After upgrading the team’s talent base over the summer, locking Snyder into an extension had been a top organizational priority.

Jazz fans should be ecstatic about this.

Snyder has built a system team in Utah, one that moves the ball beautifully on offense, and that has been tough to defend in the regular season, with the Jazz winning 50 games last season. Utah has made it to the second round of the playoffs the past two seasons, but when the level of play made that leap a lot of the system gets taken away by good defenses, and the Utah offense became Donovan Mitchell against the world. It didn’t work, Mitchell (still just 22) wasn’t fully ready and there was not enough shooting around him.

This past summer, the Jazz added Mike Conley at point guard and Bojan Bogdanovic on the wing, two excellent shooters who also can create off the dribble. Expectations are high in Utah.

Whatever happens, Snyder is their coach now for a long time.

Giannis Antetokounmpo says he learned from Kawhi Leonard: “He was calm”

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Milwaukee was up 2-0 in last season’s Eastern Conference Finals on Toronto, having won those games by an average of 15 points. Giannis Antetokounmpo had scored 54 points, pulled down 31 rebounds, dished out 11 assists, and was looking every bit the MVP.

Then the games shifted to Toronto, Kawhi Leonard took over — including guarding Antetokounmpo more — and the Raptors rattled off four straight wins to take the series on their way to the NBA title. The Greek Freak still averaged 20.4 points a night in those final four games, but the buckets were much harder to come by.

Milwaukee returns this season as the Eastern Conference favorites and legit title contenders, in part because of what they learned from that loss. Antetokounmpo told Vincent Goodwill of Yahoo Sports he learned a lot directly from Leonard in that series.

“I learned a lot from him,” Antetokounmpo said. “He knocked down free throws. He was calm. When double-teams came, he was swinging the ball but getting it right back. He was aggressive. He was calm but he was on a mission.”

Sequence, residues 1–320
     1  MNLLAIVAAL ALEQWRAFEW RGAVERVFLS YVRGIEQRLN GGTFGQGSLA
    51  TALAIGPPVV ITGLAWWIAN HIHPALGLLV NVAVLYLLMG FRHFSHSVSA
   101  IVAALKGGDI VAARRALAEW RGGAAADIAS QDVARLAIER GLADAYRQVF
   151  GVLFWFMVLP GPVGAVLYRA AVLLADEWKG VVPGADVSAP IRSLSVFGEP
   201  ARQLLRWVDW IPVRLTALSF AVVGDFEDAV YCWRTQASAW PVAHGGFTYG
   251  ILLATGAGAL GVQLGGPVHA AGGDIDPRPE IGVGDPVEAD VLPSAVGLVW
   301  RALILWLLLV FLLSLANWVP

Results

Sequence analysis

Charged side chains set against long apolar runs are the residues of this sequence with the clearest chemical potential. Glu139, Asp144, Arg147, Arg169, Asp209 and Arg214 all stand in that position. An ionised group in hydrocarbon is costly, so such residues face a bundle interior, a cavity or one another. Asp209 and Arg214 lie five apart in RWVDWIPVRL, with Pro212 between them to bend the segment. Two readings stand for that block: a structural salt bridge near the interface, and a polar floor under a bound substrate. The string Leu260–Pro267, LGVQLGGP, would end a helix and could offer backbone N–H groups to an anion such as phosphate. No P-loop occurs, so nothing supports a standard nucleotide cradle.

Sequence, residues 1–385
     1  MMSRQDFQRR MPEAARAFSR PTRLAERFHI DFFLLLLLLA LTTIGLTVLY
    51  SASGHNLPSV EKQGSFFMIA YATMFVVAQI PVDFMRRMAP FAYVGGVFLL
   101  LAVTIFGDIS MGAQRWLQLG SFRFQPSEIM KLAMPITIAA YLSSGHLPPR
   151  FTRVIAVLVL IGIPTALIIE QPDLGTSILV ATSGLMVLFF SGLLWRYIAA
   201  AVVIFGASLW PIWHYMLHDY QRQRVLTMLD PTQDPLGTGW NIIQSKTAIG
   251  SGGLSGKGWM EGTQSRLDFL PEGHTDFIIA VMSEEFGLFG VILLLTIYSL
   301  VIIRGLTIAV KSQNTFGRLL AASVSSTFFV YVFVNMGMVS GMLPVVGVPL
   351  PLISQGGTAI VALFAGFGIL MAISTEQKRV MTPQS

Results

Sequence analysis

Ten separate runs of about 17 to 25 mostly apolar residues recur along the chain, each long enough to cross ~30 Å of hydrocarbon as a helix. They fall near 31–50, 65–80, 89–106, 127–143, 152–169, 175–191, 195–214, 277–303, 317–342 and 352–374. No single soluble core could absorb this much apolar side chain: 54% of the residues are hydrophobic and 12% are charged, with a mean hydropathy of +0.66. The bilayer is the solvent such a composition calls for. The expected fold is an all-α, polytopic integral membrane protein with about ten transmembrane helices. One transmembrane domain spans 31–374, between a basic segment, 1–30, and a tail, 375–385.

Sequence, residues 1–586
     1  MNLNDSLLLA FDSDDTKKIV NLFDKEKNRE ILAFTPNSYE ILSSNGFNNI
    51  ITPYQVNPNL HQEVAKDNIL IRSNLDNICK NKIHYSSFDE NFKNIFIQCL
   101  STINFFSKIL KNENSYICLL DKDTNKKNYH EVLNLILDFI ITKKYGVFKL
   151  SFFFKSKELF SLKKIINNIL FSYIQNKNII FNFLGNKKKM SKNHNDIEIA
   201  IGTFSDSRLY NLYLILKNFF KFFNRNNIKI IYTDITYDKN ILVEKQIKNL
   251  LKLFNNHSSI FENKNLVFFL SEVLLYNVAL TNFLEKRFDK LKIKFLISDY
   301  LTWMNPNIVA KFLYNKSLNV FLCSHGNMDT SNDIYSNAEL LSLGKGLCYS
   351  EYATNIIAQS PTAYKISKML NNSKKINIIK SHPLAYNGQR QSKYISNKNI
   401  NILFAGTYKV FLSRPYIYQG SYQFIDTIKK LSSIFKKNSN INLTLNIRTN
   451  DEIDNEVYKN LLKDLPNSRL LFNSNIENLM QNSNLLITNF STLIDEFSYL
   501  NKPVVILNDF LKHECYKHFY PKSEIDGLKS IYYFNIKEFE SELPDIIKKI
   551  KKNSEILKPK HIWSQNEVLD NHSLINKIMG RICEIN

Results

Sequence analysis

Leonard is the living embodiment of the old John Wooden axiom “be quick, don’t hurry.” He’s not rushed, he’s rarely forced into shots he doesn’t want to take or plays he doesn’t want to make.  That’s true of all champions on some level. LeBron James, Kobe Bryant, Tim Duncan all bring an inner calm.

If Antetokounmpo brings that to his game, the Bucks are one big step closer to a title.

Domantas Sabonis on trade rumors: ‘I know exactly how the Pacers feel about me now’

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The Indiana Pacers have started to explore the trade market for Domantas Sabonis. There are logical reasons for this: Sabonis is good (he was second in Sixth Man of the Year voting last season), yet he and the Pacers are nowhere near agreement on a contract extension, and the Pacers already paid big money for Myles Turner to be their center, how much do they want to pay Sabonis, too?

That’s sound logic if you’re in the Pacers’ front office.

If you’re Sabonis, it can feel like a slap in the face to a guy who put in a lot of sweat and passion for the franchise. That’s what Sabonis sounded like in this quote, via Scott Agnes of The Athletic.

The Pacers are not talking about the report, which started with the well connected and reliable Sam Amick at The Athletic.

Pacers’ brass needs to talk about this with Sabonis (and likely already have, behind closed doors). If the Pacers trade him, it’s likely not until after Dec. 15 at the earliest (when most players signed this summer can be included in a deal) and probably closer to the February trade deadline. That’s a lot of season to play out, and Sabonis remains a vital part of the Indiana rotation.

There is likely to be a lot of interest in Sabonis on the market. However, because he’s a center (a position teams are careful not to overspend on in today’s market) and in the last year of his rookie deal — meaning he becomes a restricted free agent next summer and gets more expensive — teams are not going to overpay for him. Right now the Pacers are asking for too much and interested teams are lowballing their offers. The sides will meet in the middle.

That middle could shift if Sabonis has a rough start to the season. Both sides need him to play well and feel comfortable, whatever is going on with the business side of his contract.